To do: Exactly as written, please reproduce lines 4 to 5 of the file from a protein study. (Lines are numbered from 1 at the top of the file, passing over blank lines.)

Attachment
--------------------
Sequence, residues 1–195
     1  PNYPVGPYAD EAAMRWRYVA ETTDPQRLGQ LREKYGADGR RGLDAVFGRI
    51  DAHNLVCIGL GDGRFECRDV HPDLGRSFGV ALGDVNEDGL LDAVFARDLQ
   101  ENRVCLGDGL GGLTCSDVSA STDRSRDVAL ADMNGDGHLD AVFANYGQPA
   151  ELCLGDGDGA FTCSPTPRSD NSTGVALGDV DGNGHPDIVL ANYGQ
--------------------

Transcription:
   101  ENRVCLGDGL GGLTCSDVSA STDRSRDVAL ADMNGDGHLD AVFANYGQPA
   151  ELCLGDGDGA FTCSPTPRSD NSTGVALGDV DGNGHPDIVL ANYGQ